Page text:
I was asked by a user (thank you, Dan) to add playlist support to IR: play one song, then another, and so on. However, I didn’t want to do this. The whole idea of IR is to keep things simple, and allow users to control playback (and hence get the behaviour they want) via external apps such as Tasker.


This page describes how implement playlists for IR, but without extending IR itself.

The approach is to write a shell script (which is called by Tasker) to launch the next track when the current track finishes.


First: A Tasker Project


  1. download this Tasker project and copy it to your Tasker project directory (/sdcard/Tasker/projects); then

  2. using Tasker, import the project (IR_Playlist.prj.xml).

The project won’t do much yet, but take a look around. Eventually, you will have to edit the example tasks such that they reference suitable paths for your system.

You do not need to make any changes to the other task or the IR State profile.

Next: A Shell Script


  1. create a directory /sdcard/intent_radio, and

  2. download this shell script and copy it to that directory
    (so, to /sdcard/intent_radio/playlist).

The name of the directory (/sdcard/intent_radio) and the name of the script (playlist) matter; they’re used in the sample Tasker project.


Only run this shell script from within Tasker. Do not run it manually. (Otherwise, the state file it creates will end up being owned by the wrong user — I think).

Finally: Give it a Go

The Tasker project includes a Task IRP Playlist Play. All this does, is call the shell script above with suitable arguments. In the sample project, it’s:

sh /sdcard/intent_radio/playlist start /sdcard/xy.m3u

Change the last part, the playlist file, to your own playlist (subject to the rules, below), and give it a go.

You can also provide a directory name:

sh /sdcard/intent_radio/playlist start /sdcard/Music/Yes/Tormato

In this case, all audio files in or under /sdcard/Music/Yes/Tormato will be added to the playlist.

If you provide multiple arguments after start, then they are joined together (with spaces) and treated as a single thing.

sh /sdcard/intent_radio/playlist start /sdcard/Music/Yes/The Yes Album

This will be treated as a single directory (with spaces in its name).


The argument to start is not a URL. It is the absolute path of a playlist file, a directory, or an audio file.

Playlist files

Roughly, the supported playlist format is M3U:

  • Playlist file names must end with the extension .m3u (all lower case).

  • Empty lines and lines on which the first non-whitespace character is # are ignored.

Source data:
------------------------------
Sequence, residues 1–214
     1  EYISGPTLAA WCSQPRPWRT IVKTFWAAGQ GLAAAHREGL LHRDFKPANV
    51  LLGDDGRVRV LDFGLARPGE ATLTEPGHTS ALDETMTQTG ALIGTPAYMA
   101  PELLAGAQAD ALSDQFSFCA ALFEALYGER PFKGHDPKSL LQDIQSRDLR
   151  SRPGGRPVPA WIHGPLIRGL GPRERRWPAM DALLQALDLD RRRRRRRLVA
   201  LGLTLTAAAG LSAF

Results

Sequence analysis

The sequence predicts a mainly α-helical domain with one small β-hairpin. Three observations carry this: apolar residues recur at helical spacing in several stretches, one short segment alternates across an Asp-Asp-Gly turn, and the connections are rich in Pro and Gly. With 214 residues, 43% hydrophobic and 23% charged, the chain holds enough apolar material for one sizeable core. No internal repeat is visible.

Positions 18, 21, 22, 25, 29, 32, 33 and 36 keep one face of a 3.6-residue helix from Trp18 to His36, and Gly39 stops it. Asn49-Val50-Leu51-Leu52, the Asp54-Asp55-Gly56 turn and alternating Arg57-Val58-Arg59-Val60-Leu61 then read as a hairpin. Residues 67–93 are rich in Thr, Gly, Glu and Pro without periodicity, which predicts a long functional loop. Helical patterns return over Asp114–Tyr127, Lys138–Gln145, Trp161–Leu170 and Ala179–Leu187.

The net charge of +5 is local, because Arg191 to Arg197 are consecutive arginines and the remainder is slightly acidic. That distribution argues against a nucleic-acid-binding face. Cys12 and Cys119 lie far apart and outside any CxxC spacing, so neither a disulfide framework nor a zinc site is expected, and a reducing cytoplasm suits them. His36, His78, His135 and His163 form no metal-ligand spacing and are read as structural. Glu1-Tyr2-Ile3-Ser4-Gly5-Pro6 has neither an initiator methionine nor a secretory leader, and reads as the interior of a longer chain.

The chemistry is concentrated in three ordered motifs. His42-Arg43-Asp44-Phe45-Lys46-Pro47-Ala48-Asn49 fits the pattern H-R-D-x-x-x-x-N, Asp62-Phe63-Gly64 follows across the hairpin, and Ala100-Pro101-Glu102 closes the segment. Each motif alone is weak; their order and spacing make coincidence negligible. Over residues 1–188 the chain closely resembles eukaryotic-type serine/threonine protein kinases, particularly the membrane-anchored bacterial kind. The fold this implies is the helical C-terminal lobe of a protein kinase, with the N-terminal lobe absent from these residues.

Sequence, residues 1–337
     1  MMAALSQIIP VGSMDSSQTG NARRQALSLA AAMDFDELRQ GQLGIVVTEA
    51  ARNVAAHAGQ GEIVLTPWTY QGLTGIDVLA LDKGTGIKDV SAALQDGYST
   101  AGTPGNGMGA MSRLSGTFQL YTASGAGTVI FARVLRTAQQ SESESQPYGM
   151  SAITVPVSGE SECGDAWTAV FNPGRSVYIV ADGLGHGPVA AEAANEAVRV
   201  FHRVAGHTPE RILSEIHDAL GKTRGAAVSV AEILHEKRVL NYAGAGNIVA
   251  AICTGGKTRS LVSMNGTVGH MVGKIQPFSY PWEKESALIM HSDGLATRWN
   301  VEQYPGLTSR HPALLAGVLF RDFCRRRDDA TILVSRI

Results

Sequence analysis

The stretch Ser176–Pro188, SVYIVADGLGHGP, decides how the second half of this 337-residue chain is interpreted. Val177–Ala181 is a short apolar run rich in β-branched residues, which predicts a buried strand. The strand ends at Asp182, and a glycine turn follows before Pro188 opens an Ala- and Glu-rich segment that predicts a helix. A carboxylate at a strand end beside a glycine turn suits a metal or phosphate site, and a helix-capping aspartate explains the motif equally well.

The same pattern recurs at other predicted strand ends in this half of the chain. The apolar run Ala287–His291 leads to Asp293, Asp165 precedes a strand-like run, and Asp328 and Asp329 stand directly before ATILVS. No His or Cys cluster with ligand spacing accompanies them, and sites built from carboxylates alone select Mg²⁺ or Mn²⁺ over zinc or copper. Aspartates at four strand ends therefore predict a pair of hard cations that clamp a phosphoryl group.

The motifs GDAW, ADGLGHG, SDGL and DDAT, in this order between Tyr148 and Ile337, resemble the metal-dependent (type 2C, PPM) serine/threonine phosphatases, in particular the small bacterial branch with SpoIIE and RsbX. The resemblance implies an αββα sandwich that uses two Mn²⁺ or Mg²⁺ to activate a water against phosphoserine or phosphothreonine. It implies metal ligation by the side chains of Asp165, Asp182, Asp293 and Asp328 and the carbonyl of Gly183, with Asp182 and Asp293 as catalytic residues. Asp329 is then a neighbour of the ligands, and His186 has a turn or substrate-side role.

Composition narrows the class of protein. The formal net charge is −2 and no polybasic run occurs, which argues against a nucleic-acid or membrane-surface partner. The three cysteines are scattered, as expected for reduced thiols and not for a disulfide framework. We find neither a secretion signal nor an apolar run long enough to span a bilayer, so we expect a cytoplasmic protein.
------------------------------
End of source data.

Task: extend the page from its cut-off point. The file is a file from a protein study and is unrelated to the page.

Playlist entries

Entries beginning file://, http://, https:// or content:// are appended verbatim to the active playlist. Any necessary URL encoding must already have been applied.

Don’t use file:// for local files. If sed is available, then the playlist script handles URL encoding itself.


Every audio file and the contents of every playlist file in or under the indicated directory are appended to the active playlist. Directory names can be either relative or absolute, and should not be URL encoded.

Audio Files

The audio file is appended to the active playlist. File names can be either relative or absolute, and should not be URL encoded.

Other playlist files

The contents of the playlist are appended to the active playlist, recursively. Playlist file names can be either relative or absolute, and should not be URL encoded.


If you have existing M3U playlists which use relative paths, then there’s a good chance that they will just work.

It’s easy to generate playlist files with standard Unix utilities (if you have them). Here are a couple of examples:

Create a playlist with absolute file names:

find /sdcard/Music/Yes/Tormato -type f -name '*.mp3' /sdcard/tormato.m3u

Create a playlist with relative file names:

cd /sdcard/Music/Yes/Tormato
ls *.mp3 > Tormato.m3u
Techy tips

Take a look at the shell script itself and you’ll get a better idea of what’s going on. The shell script leaves a log of its runs in:

  • /sdcard/Tasker/.intent_radio/log.txt

The state file itself is:

  • /sdcard/Tasker/.intent_radio/state.txt

(Yes, those are a leading dots in those file names.)


The shell script supports the following options.

  • start [-l] [-r] THING

THING is the absolute path of a playlist file, directory or audio file.

If -l is provided, then the playlist is looped. If -r is provided, then the playlist is randomized.

Note, however, that randomization is only possible if you have sort on your device. Which probably means you have to have busybox installed. Which probably means you need root.

Duplicate items encountered are silently discarded.

  • append THING

Like start, but appends to an existing playlist. Also advances to the next track. append does not support the -l and -r options.

New items will not be added to the playlist if they are already on the playlist.

  • next

Move on to the next item on the playlist. If the playlist is stopped, then it is resumed.

  • stop

Suspend the playlist.


Do not use this option manually. It is generated automatically when the Tasker project receives the stop state from the player.

Also, stop, here, does not actually stop playback. It just disables the playlist.

How does it work?

IR broadcasts its state. The IR State profile in the sample Tasker project listens for these broadcasts and forwards them to the playlist shell script.

When the shell script sees a completed state, it fires off the next track. When it sees a stop state, it suspends the active playlist (so that subsequently, when a non-playlist track completes, it does not incorrectly fire off the next track on the active playlist).